In the summer of 1792: Delambre began working his way south from the coast near Dunkirk, while Méchain started north from the Mediterranean. They would meet at Rodez, 300 miles south of Paris. Méchain's share was shorter, but more difficult, for it crossed the Pyrenees Mountains that separate Spain and France.

September 1792: The Republic was declared.Within a few months France was at war with Great Britain, Austria, Prussia, Holland and Spain; Louis XVI had been executed, and Parisian mobs were massacring various groups. he flags on their survey poles were white—the color of the royalists! They were from Paris. All they had going for them was that their story—we are measuring the distance from Dunkirk to Barcelona—was so unbelievable in the midst of war and revolution that no real spy would have used it.

On August 8, 1793: The National Convention abolished the Academy of Sciences as unrepublican. The Committee of Public Safety, however, remained intent on doing away with the old feudal measures and needed the help of the Academicians to do it, so it persuaded the Convention to create a new, independent temporary commission (Commission temporaire des poids et mesures républicains) with the same members.

November 1793: Lavoisier was arrested; the commission asked for his release; the Committee of Public Safety responded by kicking five more members off the commission, including Delambre. Seeing which way the wind blew, the commission then devoted itself to preparing revolutionary denunciations of the old weights and measures. Delambre thought they should kill the whole meridian-measuring project and just accept the provisional meter.

April 7, 1795: War required map, a military cartographer who was also a Jacobin was put in charge of map-making. Needing trained staff, he brought Delambre and Méchain back to Paris. An order establishing the names now in use (meter, liter, gram) also reestablished the commission and ordered resumption of the survey.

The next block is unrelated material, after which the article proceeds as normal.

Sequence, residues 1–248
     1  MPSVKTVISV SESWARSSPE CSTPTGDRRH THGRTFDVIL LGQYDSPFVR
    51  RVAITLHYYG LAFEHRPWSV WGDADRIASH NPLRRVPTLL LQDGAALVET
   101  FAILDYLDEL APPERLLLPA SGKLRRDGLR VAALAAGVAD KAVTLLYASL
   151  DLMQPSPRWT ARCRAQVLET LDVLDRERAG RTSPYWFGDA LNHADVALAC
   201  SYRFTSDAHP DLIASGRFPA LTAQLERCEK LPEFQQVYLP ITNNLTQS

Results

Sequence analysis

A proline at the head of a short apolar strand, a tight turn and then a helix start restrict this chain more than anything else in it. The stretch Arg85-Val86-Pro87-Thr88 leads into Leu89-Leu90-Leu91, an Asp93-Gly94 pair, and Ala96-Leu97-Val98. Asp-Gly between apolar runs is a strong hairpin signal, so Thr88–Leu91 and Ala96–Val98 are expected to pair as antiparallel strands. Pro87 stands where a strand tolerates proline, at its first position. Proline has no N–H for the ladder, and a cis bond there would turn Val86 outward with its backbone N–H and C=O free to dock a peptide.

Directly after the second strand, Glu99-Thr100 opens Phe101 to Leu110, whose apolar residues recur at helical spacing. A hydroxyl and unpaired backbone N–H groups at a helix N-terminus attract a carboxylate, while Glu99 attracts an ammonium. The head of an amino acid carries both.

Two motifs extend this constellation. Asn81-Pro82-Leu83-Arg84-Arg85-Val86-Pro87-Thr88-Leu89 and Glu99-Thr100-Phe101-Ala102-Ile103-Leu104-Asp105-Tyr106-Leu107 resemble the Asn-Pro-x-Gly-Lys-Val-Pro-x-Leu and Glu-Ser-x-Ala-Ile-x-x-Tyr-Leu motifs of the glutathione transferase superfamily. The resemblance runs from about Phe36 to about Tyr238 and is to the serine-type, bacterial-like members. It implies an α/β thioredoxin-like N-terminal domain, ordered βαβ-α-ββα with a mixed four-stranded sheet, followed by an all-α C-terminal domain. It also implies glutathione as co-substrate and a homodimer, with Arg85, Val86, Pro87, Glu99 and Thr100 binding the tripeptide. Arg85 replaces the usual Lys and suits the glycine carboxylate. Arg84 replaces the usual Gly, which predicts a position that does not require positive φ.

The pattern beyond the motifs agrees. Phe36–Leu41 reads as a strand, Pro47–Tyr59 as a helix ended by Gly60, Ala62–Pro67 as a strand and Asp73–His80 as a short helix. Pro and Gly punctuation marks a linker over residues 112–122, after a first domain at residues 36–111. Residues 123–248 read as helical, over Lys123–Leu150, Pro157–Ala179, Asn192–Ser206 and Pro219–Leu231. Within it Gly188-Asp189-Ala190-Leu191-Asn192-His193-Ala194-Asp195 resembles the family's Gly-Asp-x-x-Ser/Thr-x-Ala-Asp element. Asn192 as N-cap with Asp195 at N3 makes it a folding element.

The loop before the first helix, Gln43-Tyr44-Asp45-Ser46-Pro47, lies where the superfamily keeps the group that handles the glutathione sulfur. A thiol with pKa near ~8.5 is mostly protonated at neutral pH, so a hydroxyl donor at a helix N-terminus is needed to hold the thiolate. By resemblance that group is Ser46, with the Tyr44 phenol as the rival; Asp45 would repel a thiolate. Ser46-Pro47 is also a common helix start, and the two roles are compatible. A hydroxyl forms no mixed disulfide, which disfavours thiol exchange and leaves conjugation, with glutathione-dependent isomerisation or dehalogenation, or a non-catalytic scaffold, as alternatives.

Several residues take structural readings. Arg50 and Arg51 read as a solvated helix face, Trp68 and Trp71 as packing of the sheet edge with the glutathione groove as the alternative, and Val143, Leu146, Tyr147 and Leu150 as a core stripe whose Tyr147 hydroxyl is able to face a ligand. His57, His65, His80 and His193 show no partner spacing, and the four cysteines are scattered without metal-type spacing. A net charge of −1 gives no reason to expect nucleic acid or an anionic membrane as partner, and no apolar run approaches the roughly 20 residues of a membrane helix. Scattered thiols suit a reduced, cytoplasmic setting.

Fall of 1797: Delambre finished his portionb ut Méchain had yet to reach Rodez. Sick, with winter coming, he wrote to his colleague, “I will sacrifice everything, give up everything, rather than return without completing my part.” And so the survey stalled. But Méchain recovered and resumed work.

September 1798: He reached Rodez. To this point, except for the sides of two triangles, only angles had been measured, the angles of contiguous triangles stretching all the way from Dunkirk to Barcelona. If any side of only one of these triangles were known, the dimensions of all the others could be calculated, and from them the distance along the meridian. While Mechain labored in the south, Delambre measured one of the baselines with a special ruler. It took him 33 days.

November 28, 1798: The French convened an international meeting of experts from friendly powers and puppet states. One of the meeting's committees consisted of four persons, each of whom independently calculated the length of the meter from the measurements made by Delambre and Méchain and from certain assumptions about the shape of the earth. Their calculations agreed. The meter was established at 0.144 lignes of the toise de Perou shorter than than the provisional meter.

December 10, 1799: The metric system itself was legalized. The Mètre des Archives was, by definition, a meter long, from end to end. Metrologists call such a standard an end measure. End measure standards are not a good idea, because any simple way of measuring their lengths requires touching the ends, which causes wear and shortens the standard. A much better form for a standard of a unit of length is a pair of scratches on a metal bar, because the lines' locations can be determined visually. Such a standard is called a line measure.